To put the kibosh on the sweet potato or yam question once and for all, the answer, depending on who you ask, is sweet potato or “sweetpotato” (just so you know, according to UC Davis, “The National Sweetpotato Collaborators Group and the National Sweetpotato Association endorsed spelling sweetpotato as one word in 1989. Nonetheless, in the current lexicon of American English, it is still spelled with two words. Both spellings are correct.”)
The potato is a starchy tuber of the nightshade family and sweetness is not one of its characteristics, thus the term sweet potato is actually a misnomer on two counts. This has caused much confusion and contributed to the endorsement of the one-word, sweetpotato spelling. The yam is a starchy, dry root vegetable with a tough, dark brown, bumpy skin and is virtually impossible to find in America. Early in the last century, sweet potato growers wanting to distinguish the pale yellow from the orange sweet potato called the orange one by its African name of nyami. Somehow, the name “yam” stuck for orange sweet potatoes. Whether you use one word or two, whether pale yellow or bright orange, they are all sweet potatoes.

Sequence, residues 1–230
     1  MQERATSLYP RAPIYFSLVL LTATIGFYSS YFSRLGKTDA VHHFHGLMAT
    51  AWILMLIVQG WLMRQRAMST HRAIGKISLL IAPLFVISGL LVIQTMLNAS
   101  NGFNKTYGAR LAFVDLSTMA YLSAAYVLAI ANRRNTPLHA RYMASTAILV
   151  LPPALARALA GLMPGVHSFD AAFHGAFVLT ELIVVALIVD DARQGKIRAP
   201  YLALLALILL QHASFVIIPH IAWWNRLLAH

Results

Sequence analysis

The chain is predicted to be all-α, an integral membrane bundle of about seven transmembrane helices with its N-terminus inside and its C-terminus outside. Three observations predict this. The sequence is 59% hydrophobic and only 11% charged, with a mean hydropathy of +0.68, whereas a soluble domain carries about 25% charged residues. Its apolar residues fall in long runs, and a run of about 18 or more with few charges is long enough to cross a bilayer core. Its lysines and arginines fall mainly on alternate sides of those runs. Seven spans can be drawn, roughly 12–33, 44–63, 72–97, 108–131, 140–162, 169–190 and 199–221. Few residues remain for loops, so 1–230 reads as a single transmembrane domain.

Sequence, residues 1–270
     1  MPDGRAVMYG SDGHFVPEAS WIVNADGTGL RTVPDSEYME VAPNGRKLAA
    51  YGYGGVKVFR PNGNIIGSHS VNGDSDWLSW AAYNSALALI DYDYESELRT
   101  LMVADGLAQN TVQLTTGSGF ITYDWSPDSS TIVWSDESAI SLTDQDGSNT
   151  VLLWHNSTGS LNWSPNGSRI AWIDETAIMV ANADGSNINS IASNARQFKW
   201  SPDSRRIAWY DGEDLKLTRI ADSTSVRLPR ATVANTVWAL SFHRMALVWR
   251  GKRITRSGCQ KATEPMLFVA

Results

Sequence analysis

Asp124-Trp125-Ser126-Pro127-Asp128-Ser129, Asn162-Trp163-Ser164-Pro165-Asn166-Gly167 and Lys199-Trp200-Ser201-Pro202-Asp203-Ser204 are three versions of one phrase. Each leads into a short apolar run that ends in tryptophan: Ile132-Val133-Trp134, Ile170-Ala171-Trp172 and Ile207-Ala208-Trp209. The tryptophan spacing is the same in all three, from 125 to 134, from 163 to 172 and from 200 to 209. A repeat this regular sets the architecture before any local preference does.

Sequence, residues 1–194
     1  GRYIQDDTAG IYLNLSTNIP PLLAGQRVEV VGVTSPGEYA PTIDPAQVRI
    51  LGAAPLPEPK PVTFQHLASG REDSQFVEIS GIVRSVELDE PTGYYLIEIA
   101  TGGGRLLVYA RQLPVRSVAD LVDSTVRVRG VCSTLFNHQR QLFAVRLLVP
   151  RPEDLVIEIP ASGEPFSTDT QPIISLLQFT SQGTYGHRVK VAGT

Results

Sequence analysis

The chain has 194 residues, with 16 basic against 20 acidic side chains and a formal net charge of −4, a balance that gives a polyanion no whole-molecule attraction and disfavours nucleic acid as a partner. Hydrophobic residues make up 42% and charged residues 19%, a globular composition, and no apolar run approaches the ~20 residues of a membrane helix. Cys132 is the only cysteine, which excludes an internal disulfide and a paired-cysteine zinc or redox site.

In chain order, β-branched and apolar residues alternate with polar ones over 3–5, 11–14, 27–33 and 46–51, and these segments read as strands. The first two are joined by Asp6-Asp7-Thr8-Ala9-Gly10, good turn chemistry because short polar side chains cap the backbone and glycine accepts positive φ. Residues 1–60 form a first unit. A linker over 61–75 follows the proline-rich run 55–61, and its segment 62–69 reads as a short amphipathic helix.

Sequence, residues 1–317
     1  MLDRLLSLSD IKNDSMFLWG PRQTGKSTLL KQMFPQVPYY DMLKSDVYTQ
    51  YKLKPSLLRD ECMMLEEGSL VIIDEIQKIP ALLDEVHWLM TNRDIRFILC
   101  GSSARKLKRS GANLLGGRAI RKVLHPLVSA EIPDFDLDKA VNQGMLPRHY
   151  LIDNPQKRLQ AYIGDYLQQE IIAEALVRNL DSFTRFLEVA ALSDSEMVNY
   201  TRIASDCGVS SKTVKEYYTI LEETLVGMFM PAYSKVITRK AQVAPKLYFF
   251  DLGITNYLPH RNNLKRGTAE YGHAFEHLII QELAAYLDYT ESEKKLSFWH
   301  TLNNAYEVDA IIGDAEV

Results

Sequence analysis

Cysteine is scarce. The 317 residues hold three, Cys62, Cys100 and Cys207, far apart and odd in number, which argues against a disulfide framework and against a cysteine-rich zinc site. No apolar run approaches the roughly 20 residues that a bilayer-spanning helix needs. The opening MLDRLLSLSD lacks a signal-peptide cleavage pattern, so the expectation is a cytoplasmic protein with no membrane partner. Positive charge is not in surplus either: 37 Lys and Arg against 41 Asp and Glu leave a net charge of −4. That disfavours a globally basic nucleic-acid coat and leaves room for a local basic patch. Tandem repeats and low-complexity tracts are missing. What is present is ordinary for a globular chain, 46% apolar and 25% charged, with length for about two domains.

The sweet potato is a member of the morning glory family and sweetness is a primary characteristic, hence its name. Of the dozens of types of sweet potatoes, the most popular grown here in California are Jewell (orange skin and orange flesh; super sweet, very moist), Garnet (red skin, orange flesh; very sweet, moist), Jersey (yellow-gold skin, yellow or white flesh; mildly sweet, more firm and dry) and Oriental (purple skin, pale yellow or white flesh; mildly sweet, more firm and dry).
Whichever type you opt for, as these recipes demonstrate, the sweet potato is versatile and works well as any course of a meal — with or without added sugar and marshmallows. Even simply baked, sliced and seasoned, they are a welcome addition to the table.